I have been working on a new whitepaper about how to become an online leader. One of the cornerstones is to use a strategic, agile process. While agile is not for every project, often it is by far the optimal process for web development. While many large development organization such as Microsoft, IBM, Google and Yahoo! use agile, very few companies that don’t do software development for a living are using it – particularly small and midsized businesses. I am tasked with how to promote agile development to companies needing a new website. So it was perfect timing that the latest edition of Information Week included “Agile Development” and “Agile Processes Go Lean” articles. The articles did not disappoint. They provided plenty of great arguments for the move to agile.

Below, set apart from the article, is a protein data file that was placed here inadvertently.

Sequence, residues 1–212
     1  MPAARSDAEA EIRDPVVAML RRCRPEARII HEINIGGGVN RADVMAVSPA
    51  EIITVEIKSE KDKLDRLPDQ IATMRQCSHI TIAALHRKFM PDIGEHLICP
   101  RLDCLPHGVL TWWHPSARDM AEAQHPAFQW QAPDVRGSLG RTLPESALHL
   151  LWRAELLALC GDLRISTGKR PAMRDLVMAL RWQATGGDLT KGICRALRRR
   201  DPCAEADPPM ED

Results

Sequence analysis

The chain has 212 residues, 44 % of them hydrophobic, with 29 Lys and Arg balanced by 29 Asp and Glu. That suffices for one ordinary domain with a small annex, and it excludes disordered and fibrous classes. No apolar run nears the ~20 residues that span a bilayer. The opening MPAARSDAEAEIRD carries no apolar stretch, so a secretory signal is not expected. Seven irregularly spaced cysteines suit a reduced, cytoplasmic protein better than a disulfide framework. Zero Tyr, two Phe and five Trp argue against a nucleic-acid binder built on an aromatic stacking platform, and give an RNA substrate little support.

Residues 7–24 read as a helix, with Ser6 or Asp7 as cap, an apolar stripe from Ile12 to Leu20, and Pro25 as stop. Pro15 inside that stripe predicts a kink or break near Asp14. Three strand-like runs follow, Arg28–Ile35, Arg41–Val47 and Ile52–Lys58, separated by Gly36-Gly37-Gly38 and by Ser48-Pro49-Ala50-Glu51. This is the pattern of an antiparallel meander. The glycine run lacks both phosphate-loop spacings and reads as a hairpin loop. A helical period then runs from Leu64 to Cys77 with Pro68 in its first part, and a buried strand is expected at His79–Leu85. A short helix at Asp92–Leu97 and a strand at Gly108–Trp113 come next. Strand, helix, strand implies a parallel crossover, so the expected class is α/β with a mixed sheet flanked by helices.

Instead of collecting, collating, and casting in concrete everyone’s 2 cents worth before launching development, agile developers take a more flexible approach. They work one-on-one with stakeholders who make decisions, provide information, and prioritize requirements throughout the process.
The end result is a much leaner, more focused requirements specification that includes only the features that stakeholders expect and developers can deliver.
You should use iterative development only on projects that you want to succeed. … it is an essential technique, one you can use to expose risk early on and to obtain better control over development. It is not the same as having no management, although to be fair, I should point out that some have used it that way. It does need to be well planned.